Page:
STEWARDSHIP IS ABOUT THE JOY OF GIVING FREELY

Avoid using fear of judgment in the afterlife and emphasize the concept of theosis, which puts the emphasis on experiencing heaven now. Stewardship is a practice that can help shape our world and ourselves in such a way that we can experience God’s grace, love and communion in the present. This puts the emphasis more on stewardship being about what is possible for us as humans now rather than later. It also shifts the tone from fear to the potential for experiencing joy. Remind parish members that they are not giving to the parish for any specific purpose. They are giving to God. They are returning to God in thanksgiving for what He has done for them. God is never out done in generosity. A steward is a manager, someone who looks after someone else’s property. That is what we are. We are all managers in God’s kingdom, and we have a responsibility to protect and grow God’s gifts.

A BROADER PERSPECTIVE: Stewardship as Creation Care (Fr.JohnChryssavgis)

If we turn to the Church Fathers, we see that they attribute the highest importance to oikonomia (stewardship or economy), which in their eyes implied a broader and more inclusive concept of revelation and salvation, identified with God’s vision and desire to save the whole world. For our great theological teachers and spiritual masters, economy in fact refers to our very salvation by the all-embracing love of God for all humankind and to the universal compassion of the Creator for all creation. Somewhere along the line, we unfortunately shrunk the theme of “stewardship” to purely monetary terms that primarily include making contributions to philanthropic organizations – probably as a result of a narrow interpretation of scripture, and possibly as a result of the rigid focus of modern society.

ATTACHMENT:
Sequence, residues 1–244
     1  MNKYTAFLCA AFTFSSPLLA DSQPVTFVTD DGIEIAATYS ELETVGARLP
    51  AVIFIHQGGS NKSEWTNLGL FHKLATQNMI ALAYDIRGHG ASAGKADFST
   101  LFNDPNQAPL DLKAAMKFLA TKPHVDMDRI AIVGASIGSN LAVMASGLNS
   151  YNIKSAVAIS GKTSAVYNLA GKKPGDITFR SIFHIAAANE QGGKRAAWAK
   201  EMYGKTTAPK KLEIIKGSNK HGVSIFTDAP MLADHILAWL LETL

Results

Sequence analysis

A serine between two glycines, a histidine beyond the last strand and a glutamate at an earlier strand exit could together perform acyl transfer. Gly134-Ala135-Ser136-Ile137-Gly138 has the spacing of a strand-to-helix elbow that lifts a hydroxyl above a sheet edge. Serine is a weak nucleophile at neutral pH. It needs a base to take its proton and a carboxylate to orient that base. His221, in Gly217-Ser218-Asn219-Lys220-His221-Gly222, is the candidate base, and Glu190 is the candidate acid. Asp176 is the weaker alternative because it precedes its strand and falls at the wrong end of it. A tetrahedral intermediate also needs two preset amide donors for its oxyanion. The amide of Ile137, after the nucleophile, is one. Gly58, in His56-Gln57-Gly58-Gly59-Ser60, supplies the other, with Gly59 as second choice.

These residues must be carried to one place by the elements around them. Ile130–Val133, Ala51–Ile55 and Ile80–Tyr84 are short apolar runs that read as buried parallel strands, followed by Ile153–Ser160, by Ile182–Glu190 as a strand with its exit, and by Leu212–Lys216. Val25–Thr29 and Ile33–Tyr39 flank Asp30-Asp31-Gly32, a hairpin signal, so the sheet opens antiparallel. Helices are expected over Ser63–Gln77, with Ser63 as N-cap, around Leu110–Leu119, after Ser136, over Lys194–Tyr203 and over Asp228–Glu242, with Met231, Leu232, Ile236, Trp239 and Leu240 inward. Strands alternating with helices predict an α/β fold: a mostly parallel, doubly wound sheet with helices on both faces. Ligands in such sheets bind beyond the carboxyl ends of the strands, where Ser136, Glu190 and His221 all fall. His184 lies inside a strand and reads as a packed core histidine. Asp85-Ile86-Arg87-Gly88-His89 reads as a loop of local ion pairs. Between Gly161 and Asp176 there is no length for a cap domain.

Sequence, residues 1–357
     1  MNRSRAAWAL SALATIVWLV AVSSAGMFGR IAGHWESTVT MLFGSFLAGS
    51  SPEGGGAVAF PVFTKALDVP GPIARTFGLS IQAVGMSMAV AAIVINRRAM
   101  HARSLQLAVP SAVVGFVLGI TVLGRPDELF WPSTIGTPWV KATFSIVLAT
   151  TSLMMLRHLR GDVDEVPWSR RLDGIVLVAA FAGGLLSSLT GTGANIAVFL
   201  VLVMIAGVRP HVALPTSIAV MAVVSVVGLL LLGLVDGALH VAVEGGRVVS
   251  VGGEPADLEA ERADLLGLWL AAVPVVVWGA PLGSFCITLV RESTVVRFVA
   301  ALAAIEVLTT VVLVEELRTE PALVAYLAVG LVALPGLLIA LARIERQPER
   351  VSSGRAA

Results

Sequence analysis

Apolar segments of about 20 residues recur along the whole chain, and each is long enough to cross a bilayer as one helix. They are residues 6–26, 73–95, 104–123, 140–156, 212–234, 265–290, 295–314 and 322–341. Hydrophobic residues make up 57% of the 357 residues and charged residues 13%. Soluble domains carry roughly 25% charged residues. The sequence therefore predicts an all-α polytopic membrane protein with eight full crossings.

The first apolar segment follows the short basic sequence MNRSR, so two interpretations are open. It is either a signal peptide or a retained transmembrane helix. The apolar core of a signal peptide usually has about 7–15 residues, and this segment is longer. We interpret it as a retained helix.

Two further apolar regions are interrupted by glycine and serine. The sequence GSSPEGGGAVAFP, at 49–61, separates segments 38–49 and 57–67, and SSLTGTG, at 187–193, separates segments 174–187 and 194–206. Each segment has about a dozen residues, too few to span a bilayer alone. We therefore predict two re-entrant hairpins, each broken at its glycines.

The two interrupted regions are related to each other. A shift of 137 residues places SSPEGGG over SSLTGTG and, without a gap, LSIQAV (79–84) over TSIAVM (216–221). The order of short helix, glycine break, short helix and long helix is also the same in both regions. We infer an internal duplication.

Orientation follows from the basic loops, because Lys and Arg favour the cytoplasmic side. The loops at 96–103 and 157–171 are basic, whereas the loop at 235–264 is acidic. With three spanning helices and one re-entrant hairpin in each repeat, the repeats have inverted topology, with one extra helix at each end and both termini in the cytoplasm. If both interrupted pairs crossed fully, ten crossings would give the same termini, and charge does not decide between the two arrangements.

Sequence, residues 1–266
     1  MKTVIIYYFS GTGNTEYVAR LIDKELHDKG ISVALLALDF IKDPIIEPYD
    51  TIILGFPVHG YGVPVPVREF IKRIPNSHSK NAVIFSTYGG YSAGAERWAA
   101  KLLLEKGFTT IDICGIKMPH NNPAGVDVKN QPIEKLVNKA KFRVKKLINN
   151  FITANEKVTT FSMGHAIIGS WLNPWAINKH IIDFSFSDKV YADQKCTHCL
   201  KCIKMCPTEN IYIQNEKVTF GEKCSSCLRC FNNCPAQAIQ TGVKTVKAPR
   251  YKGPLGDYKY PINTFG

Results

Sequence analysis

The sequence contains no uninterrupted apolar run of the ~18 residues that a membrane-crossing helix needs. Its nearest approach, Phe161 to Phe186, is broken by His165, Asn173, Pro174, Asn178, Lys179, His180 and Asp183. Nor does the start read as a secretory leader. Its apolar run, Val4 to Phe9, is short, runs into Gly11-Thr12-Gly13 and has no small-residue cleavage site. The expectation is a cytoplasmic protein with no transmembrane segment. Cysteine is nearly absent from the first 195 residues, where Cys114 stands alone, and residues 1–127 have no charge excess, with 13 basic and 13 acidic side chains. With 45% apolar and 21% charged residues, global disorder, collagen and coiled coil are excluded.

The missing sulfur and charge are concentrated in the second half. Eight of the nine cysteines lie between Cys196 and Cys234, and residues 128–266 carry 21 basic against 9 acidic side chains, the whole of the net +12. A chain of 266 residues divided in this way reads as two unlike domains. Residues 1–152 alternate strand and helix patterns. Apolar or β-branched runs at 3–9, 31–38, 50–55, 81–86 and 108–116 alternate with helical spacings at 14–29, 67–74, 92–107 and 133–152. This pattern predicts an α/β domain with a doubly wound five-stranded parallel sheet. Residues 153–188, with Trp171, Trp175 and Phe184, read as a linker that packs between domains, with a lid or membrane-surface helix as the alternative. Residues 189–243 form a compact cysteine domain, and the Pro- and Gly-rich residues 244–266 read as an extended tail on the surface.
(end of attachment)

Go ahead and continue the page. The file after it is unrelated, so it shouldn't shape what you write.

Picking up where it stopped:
All of this invariably affects not just our understanding of the moral obligation that we have toward one another as human beings, but also inevitably distorts the worldview that shapes our moral responsibility toward creation. By limiting our attention to divine commandments for human compassion, we have invariably excised from scripture the clear mandate to creation care. Yet, these two dimensions of Christian life are integrally interrelated; one cannot envisage human progress without ecological preservation. The way we treat God’s creation in nature essentially reflects the way we respect human beings created “in the image and likeness of God.” The reality is that we should respond to nature with the same tenderness that we are called to respond to people. All of our spiritual activities are ultimately measured by their impact on the natural creation; just as all of our ecological choices are finally evaluated by their effect on the poor.

Source: Greek Orthodox Archdiocese of America Stewardship Resources Handbook for 2017; for more information also see Greek Orthodox Archdiocese of America Stewardship Ministries.

As part of an on-going series on stewardship, OCN is pleased to share excerpts from the Greek Orthodox Archdiocese of America Stewardship Resources Handbook for 2017.  This series hopes to assist your parish Stewardship team in getting started and planning a full year of Stewardship Ministry. The handbook contains guidelines for preparation of a parish Stewardship Program, updated letters, a sample commitment card and new member card, various campaign formats and ideas for parish stewardship ministry.

 

Funding for news from this department is provided through the support of OCN viewers and by Leadership 100.